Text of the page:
I pointed out Costco:  The Costco CEO makes something like $300,000 a year.  Average workers make around $15 an hour.  The CEO makes less than most CEOs (though he owns a lot of stock).  The workers make more than most retail workers.  I don't know the details of either's total compensation or perks.  I do know that the Costco CEO once said that he thought it was ridiculous for a CEO to make more than twice what a district manager makes -- so I assume he makes that much money.

    More companies ought to think this way.  Why should the CEO make 20 million dollars a year if the average worker is making 12 thousand dollars a year?  It doesn't make sense.  If the company can't afford to pay workers better, they can't afford to pay the CEO that much money.  

    Anyway...  I don't trust Obama a whole lot since he backed out on FISA and he's proven that he's only moving his lips -- I don't believe that he means much of what he says.  

    I also can't count John McCain out because I don't know what the heck McCain is thinking.  Maybe he thinks he's losing so he's not putting much into this or maybe he hasn't asked anyone he thinks is sharp in economics for advice...  I just don't know what to think anymore.  

    This has to be the WORST presidential election I remember in my lifetime.    

    Parent

    Obama's rhetorical gifts... (5.00 / 2) (#131)
    by lambertstrether on Thu Jul 10, 2008 at 08:24:16 PM EST
    Again, FISA.

    If Obama, a professor of Constitutional law, and the presumptive nominee, that is, the leader of the Democratic Party, doesn't use his rhetorical gifts on behalf of the Fourth Amendment, against a very unpopular law, and against even more unpopular corporations -- who do you know that likes the telcos? -- what in the name of sweet suffering Jeebus makes you think Obama's going to roll back Reagan's assault on the unions?

    Sure, I know everbody would "like" that, but if my mother had wheels, she'd be a teacart. Ya know?

    Parent

    Heh (5.00 / 6) (#13)
    by Steve M on Thu Jul 10, 2008 at 06:15:28 PM EST
    More than 60 million Americans will vote for John McCain in November.

    If you can't imagine what makes a single one of them tick, that's on you, not them.  I was raised to believe that liberals were the open-minded ones, but in my experience, we seem to have a real blind spot for understanding differing opinions as something other than stupid or uninformed.  This, in turn, makes it much harder for us to persuade those who differ.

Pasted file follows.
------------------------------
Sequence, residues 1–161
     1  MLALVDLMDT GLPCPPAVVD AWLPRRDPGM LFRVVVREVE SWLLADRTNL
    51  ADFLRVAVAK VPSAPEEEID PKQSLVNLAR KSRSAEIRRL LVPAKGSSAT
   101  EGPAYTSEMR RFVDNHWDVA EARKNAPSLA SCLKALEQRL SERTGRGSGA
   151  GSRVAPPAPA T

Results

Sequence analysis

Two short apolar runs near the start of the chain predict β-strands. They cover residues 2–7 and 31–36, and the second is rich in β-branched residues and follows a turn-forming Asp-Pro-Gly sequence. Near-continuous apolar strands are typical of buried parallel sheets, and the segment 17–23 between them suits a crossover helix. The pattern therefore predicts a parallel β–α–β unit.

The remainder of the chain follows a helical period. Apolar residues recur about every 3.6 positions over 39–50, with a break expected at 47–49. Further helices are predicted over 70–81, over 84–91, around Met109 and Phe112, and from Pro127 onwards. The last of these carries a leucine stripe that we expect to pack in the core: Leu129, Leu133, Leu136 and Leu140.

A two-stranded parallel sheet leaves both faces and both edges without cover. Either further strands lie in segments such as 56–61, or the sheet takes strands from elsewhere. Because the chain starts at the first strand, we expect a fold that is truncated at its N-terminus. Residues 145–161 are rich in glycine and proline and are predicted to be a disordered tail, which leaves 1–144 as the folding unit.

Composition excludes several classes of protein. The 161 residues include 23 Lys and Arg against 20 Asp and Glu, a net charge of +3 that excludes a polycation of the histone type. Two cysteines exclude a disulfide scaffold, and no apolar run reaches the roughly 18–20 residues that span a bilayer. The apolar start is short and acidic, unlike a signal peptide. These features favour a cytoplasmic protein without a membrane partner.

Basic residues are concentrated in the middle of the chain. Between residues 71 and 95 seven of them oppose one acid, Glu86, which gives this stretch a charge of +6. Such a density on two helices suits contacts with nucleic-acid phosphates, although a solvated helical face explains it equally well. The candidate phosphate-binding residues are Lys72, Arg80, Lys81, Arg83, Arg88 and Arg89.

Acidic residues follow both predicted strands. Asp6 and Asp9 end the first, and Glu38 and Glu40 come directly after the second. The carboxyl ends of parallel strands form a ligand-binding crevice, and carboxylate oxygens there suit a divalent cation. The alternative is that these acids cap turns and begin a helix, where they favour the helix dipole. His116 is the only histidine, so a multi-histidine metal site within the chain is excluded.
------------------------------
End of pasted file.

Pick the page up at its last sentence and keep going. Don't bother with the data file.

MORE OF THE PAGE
Well... (5.00 / 2) (#22)
    by pie on Thu Jul 10, 2008 at 06:34:41 PM EST
    If you can't imagine what makes a single one of them tick, that's on you, not them.

    That's on Obama, isn't it?

    He listening to too many voices.

    Hillary has her own voice.  It's surprising that some people don't get that.

    Parent

    He's (5.00 / 2) (#51)
    by Ga6thDem on Thu Jul 10, 2008 at 06:59:33 PM EST
    not Bob Dole. Bob Dole ran against a very popular president up for reelection. McCain does have the Bush albatross but Obama has the albatross of agreeing the craven democratic leadership. Kind of cancels each other out on that issue.

    Parent
    I have to disagree (5.00 / 2) (#55)
    by indy in sc on Thu Jul 10, 2008 at 07:03:42 PM EST
    that the media is paying attention to McCain.  In the last few days he has joked about killing Iranians by exporting cigarettes to Iran, called social security a disgrace, had his top economic advisor call America a nation of whiners and dismiss the economic downturn as a "mental recession."  When asked about the discrepancy in viagra/birth control coverage by insurance companies, he said he didn't know what his opinion on it was.  The media has largely given him a pass on all of these things.  Remember the 2 week Rev Wright-a-thon?  The media is still looking the other way when it comes to McCain.